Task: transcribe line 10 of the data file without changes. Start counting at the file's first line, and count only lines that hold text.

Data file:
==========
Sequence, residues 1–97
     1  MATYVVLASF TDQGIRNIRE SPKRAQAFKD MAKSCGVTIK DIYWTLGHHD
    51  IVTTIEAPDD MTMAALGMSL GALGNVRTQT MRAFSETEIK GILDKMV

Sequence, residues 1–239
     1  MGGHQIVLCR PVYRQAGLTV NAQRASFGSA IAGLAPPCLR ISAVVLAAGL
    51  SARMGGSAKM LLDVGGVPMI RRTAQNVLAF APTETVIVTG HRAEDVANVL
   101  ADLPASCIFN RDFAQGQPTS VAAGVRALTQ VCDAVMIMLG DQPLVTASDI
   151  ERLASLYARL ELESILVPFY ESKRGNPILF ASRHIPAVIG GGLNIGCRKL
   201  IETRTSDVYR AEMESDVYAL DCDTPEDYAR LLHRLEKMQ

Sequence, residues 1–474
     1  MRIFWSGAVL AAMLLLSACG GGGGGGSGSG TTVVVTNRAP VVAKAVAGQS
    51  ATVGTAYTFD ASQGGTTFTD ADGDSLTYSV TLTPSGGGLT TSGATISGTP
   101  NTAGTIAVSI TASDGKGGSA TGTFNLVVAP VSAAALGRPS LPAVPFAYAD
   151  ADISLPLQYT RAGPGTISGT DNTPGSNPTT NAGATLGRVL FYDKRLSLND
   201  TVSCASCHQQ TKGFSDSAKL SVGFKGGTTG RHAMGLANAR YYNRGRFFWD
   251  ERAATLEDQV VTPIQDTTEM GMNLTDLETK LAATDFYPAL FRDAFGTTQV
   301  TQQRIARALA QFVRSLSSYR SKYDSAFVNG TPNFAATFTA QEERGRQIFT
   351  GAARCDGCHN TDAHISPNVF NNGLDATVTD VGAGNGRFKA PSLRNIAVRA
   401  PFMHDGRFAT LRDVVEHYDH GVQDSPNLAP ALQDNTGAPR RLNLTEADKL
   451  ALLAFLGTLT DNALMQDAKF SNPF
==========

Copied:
Sequence, residues 1–474